John Madden, director
I became involved in the development of Shakespeare in Love after it had been in the works for several years. Initially, Julia Roberts was set to play the female lead, but the main issue was finding the right actor to play Shakespeare. Julia had her heart set on Daniel Day-Lewis, but many other male actors of a certain age were also considered. Ultimately, Julia decided to withdraw from the project.
A movie titled “Shakespeare” was seen as a risky project, and without Julia’s involvement, it struggled to move forward. However, Harvey Weinstein, who had previously acquired a film I directed, Mrs Brown, bought the script. He sent it to me, and even though it was unfinished, it was the greatest script I had ever read. Tom Stoppard, the writer, was interested in creating what he referred to as a “Zucker brothers movie”, but I steered it towards a more traditional Shakespearean comedy that juxtaposes wild humor with a deeper underlying meaning.
I had the pleasure of meeting Gwyneth Paltrow during her audition for a different movie. It was clear to me that she possessed all the necessary qualities for the role of Shakespeare’s love interest. Joe Fiennes was initially nervous during his first reading for Will, but I convinced him to try a more spontaneous approach and we immediately connected – he handled the humor with ease. Colin Firth initially declined the role of Viola’s fiance, Lord Wessex. When I expressed my disappointment, he seemed a little upset. However, we later approached him again and he ended up accepting the role. He had originally auditioned with Julia Roberts and likes to believe that he was the last Romeo she saw before leaving, but I am not entirely convinced that is true.
We spent a longer period of time practicing for that movie than any other I have done in the past. We had rehearsals for dancing, fighting, and even speaking in Elizabethan English – both on and off stage. I would frequently wake up feeling anxious, thinking: “Will Gwyneth be wearing a mustache? This won’t be successful!” What may be successful on stage may not necessarily work on film. However, Gwyneth handled it with great expertise.
Judi Dench appears as Queen Elizabeth for a brief time in the film Mrs Brown, where she had previously been seen frequently in the role of Queen Victoria. Despite her limited screen time, she remains a prominent figure and was recognized with an Oscar for best supporting actress. In order to portray the queen’s regal presence, she had to wear elevated heels, earning her the nickname “Tudor Spice.”
Judi purchased the exquisitely restored Rose theatre after the production ended, with the intention of using it as a resource for aspiring actors performing Shakespeare’s works. The structure was expertly crafted, boasting genuine oak beams and other fine details. However, during filming, a significant portion of the theatre was supported by scaffolding and it was not designed to be a permanent installation.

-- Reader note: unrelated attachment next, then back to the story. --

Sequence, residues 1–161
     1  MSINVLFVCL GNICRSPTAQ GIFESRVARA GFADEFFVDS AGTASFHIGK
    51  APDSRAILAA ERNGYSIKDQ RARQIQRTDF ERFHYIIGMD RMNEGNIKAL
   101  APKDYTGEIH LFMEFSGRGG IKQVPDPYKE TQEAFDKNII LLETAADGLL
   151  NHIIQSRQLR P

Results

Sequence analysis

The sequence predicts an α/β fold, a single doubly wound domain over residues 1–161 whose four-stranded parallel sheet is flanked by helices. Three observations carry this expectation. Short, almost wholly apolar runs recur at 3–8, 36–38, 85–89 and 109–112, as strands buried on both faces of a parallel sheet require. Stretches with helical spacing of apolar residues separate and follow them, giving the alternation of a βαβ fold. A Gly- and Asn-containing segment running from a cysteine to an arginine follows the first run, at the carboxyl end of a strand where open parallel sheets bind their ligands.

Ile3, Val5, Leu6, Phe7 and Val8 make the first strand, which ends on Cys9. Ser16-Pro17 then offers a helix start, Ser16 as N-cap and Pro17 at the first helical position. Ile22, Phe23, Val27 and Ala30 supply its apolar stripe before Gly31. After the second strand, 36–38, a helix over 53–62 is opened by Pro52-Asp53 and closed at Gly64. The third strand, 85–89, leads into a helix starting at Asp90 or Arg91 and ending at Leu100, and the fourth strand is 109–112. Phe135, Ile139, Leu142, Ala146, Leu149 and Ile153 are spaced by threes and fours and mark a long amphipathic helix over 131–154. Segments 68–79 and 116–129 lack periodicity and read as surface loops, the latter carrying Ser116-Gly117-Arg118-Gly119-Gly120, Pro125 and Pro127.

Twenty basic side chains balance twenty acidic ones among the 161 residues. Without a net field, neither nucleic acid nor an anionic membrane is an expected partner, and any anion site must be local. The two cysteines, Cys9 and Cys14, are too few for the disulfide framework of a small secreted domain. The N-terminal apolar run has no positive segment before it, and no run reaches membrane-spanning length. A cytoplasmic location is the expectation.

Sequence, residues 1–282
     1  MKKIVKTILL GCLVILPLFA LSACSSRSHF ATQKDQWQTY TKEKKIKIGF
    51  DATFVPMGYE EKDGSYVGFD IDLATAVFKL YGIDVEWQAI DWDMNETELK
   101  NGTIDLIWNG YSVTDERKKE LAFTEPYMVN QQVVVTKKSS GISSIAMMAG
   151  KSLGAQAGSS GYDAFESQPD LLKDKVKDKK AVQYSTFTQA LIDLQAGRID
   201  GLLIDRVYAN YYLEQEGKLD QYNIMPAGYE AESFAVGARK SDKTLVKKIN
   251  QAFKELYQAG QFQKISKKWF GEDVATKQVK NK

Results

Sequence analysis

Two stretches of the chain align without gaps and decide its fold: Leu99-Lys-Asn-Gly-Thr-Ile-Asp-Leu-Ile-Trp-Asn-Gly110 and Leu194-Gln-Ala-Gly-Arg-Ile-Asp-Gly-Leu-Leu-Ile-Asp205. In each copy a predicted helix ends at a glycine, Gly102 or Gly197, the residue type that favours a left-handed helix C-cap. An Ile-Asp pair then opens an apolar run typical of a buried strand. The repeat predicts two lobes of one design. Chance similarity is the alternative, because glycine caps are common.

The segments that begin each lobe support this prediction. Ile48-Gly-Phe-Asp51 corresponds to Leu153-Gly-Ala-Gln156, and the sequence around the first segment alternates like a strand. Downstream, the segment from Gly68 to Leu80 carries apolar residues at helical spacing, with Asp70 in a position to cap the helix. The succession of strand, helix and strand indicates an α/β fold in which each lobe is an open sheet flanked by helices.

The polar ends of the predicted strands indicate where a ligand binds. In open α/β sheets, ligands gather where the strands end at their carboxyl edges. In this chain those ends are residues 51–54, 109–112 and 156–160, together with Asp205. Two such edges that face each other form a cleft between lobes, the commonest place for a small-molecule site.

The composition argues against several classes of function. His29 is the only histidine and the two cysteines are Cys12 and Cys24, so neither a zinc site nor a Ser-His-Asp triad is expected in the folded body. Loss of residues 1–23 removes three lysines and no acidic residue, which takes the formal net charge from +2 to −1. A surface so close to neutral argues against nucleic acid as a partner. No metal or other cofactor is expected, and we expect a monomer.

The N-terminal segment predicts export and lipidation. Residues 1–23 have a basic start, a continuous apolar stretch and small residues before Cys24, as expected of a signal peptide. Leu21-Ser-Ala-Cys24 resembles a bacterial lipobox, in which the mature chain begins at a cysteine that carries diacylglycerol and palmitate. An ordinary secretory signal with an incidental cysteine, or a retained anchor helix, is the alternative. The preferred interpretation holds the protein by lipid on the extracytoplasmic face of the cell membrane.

After we began editing the film, I became confident that all the different components would come together seamlessly. As a director, it can feel daunting at this point, but the editor, David Gamble, created a rough trailer that I found exciting and captured the tone perfectly. I thought to myself, “I would have to make a lot of mistakes to ruin this.”
Joseph Fiennes portrays William Shakespeare in the film “Shakespeare in Love.”
In the movie “Shakespeare in Love,” Joseph Fiennes plays the role of William Shakespeare.
When I first auditioned for Shakespeare in Love, I was still attending drama school. I was then offered the opportunity to try out for a new movie starring Daniel Day-Lewis and Julia Roberts. I eagerly accepted and took a break during my lunch to audition for one of the supporting roles.
Interestingly, I recently passed by the location where I used to reside – a cozy studio apartment with the bed right next to the kitchen. I was inside when I received the news that I had been cast as Will. It was the only instance where I screamed with pure happiness at the top of my voice.
I have a deep admiration for Shakespeare’s writing and was concerned that Hollywood may not do it justice. However, the screenplay turned out to be clever and humorous, and even included some commentary on the Hollywood machine within its historical setting. During my research, I coincidentally met Tom Stoppard at a small bookstore and mustered the courage to tell him, “I’ve just been offered your screenplay and I’m extremely excited.” He graciously invited me to his home and we discussed serendipity – he was incredibly gracious, kind, and wise.
Gwyneth was highly prepared, and her accent appeared flawless from the start. I had previously collaborated with Geoffrey Rush on Elizabeth, and it was wonderful to witness his brilliant comedic performance as a theatrical businessperson, following his earlier role as a Machiavellian character. While the majority of the cast were not well-known names, they had extensive experience in theater. The atmosphere was joyful and we were all having a great time, but I couldn’t help worrying that the film might not be successful.
The jacket costume designer Sandy Powell made for me had a sense of sexiness and was actually quite comfortable to wear. I got to do some great fight scenes in it – kudos to Bill Hobbs, who choreographed the swordplay, and the stuntman who fell off the stage on my behalf, right on to his ribcage. I was insistent that Will’s fingers should be permanently covered in ink. If the stains washed off after a day’s shooting, I’d make sure they were reapplied before the next.
After the initial wrap, I removed my beard, but it had to be put back on when we were asked to reshoot the ending. The first version was too sudden. I believe the bittersweet version that audiences saw was perfect.